What’s better than live music? Live music available every Saturday, in the form of East Coast jazz, courtesy of the Capital Jazz Trio.
The trio experiments with a variety of jazz influences, performing primarily from the edgier, aggressive “East Coast” school of jazz, but also adds in some smoother, milder “West Coast” influences, for flavour.
“A good jazz band is one that can anticipate each other’s moves, and what they’re playing and going to play,” says Jon Heaton, string bass player.
Heaton, Daniel Janke and Ken Searcy make up the Capital Jazz Trio – formerly the Daniel Janke Trio – each bringing a varied and diverse musical background to the group.
“I would say each of us brings something unique, with respect to jazz music,” says Heaton. Ken Searcy is into electric jazz, contemporary jazz and “some eighties stuff,” he adds.
Heaton is a traditionalist, counting bluegrass as a strong primary influence, while Daniel Janke goes back to Miles Davis for his inspiration. Together, their strength as a trio depends on their commitment to jazz music and how they communicate through music.
“Jazz is an interpretive form of music. We record our music together, so that when we listen to it, we learn from it. It’s like looking through a mirror,” says Searcy.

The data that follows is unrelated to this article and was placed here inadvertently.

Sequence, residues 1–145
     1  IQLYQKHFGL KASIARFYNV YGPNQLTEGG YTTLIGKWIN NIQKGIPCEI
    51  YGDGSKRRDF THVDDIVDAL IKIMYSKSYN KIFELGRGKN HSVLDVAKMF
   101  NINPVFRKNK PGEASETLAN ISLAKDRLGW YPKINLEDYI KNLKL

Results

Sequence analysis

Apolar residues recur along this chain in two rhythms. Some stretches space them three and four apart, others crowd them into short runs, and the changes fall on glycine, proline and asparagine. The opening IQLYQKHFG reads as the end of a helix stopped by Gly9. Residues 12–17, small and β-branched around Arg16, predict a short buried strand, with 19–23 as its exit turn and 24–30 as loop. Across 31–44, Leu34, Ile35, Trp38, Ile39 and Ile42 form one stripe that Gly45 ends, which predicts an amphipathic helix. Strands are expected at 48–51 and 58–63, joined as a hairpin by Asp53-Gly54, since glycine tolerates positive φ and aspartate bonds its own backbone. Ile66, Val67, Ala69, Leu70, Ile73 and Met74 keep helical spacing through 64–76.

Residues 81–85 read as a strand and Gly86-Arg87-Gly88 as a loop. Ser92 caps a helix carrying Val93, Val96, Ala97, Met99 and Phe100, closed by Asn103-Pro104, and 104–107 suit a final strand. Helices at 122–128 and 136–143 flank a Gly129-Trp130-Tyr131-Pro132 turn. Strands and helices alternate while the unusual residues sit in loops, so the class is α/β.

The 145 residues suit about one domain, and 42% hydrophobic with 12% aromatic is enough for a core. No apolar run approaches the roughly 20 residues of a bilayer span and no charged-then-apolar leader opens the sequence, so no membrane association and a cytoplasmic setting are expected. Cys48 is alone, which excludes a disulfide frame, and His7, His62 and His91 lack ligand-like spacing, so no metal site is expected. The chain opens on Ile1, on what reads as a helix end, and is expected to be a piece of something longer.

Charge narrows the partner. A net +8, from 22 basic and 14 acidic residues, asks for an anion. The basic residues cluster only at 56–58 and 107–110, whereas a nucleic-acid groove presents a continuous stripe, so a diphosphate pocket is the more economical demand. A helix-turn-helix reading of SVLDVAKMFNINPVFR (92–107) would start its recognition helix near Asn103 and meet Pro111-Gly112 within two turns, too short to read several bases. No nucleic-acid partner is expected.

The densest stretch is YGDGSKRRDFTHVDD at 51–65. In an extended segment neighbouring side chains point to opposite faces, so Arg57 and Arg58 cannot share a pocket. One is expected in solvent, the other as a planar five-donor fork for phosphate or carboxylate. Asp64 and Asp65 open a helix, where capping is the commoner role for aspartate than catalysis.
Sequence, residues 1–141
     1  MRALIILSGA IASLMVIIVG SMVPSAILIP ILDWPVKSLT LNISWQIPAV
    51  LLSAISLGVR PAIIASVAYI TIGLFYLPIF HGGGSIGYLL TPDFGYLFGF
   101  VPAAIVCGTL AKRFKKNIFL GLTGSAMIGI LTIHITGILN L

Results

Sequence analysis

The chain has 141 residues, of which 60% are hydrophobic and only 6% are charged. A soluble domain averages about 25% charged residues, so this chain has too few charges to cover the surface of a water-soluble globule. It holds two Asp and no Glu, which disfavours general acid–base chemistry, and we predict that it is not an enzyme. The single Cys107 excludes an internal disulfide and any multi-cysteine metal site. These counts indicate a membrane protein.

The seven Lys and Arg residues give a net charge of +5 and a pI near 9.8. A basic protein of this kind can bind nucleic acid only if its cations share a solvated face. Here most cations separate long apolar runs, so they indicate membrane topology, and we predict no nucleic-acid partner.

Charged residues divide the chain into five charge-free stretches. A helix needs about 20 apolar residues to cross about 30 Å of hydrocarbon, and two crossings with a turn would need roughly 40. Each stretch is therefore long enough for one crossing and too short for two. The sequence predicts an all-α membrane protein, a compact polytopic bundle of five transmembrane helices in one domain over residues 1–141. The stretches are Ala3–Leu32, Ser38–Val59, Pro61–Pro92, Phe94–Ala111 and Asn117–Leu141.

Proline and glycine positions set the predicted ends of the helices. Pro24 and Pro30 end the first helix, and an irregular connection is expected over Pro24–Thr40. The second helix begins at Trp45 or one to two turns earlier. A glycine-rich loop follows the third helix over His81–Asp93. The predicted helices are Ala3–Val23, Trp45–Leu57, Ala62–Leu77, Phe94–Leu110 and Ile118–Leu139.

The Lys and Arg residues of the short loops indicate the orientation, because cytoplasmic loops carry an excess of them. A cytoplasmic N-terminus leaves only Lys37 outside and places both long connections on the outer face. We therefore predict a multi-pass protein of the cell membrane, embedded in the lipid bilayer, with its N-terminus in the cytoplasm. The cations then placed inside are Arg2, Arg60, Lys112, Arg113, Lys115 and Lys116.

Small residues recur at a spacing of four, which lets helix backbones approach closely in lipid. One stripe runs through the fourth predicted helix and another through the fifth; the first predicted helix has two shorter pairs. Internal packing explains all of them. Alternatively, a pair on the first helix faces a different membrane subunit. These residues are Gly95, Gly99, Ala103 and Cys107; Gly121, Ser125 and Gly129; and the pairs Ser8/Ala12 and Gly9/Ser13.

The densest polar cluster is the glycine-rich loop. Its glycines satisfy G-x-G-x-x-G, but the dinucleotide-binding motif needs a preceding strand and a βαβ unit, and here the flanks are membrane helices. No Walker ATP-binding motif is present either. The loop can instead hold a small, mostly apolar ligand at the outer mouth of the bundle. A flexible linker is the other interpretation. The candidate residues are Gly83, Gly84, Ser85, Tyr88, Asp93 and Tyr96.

The trio brings an independent, life-long learning approach to music in their performances for Whitehorse audiences.
“We share influences, contemporary jazz we’ve been listening to, and work on making the music evolve,” says Searcy.
The learning process isn’t always pretty, but it is crucial to growing as a working band. Because the trio members are constantly experimenting with sound, they must be attuned to each other’s playing styles, interpretations of songs and techniques.
“We know each other so well, that if one of us breaks in a middle of a song to do some free-form, the rest of us are right there with him,” says Heaton. He counts the Saturdays playing at the Capital as one of the keys to their success, as consistent gig time is invaluable.
Because jazz is thought of as music for an older demographic, the trio is pleased to see younger audiences getting involved. Heaton relates a story about this: “We were playing this song one night, and we couldn’t remember the name. This young guy from Vancouver shouts out that it was called Moanin’ and so I checked later, you know what, he was right.”
It’s audience involvement like this that keeps the Capital Jazz Trio going. They have a core audience, but relish the support of the community attending their shows. “We’re seeing good things with our audiences, and I think with the continued support of the Capital and the public, great things are happening,” says Searcy.
With a piano, drum set and string bass, the Capital Jazz Trio is ready to usher in the weekend with its sets. The Capital Jazz Trio performs at the Capital Hotel and Pub every Saturday starting at 8:30 p.m.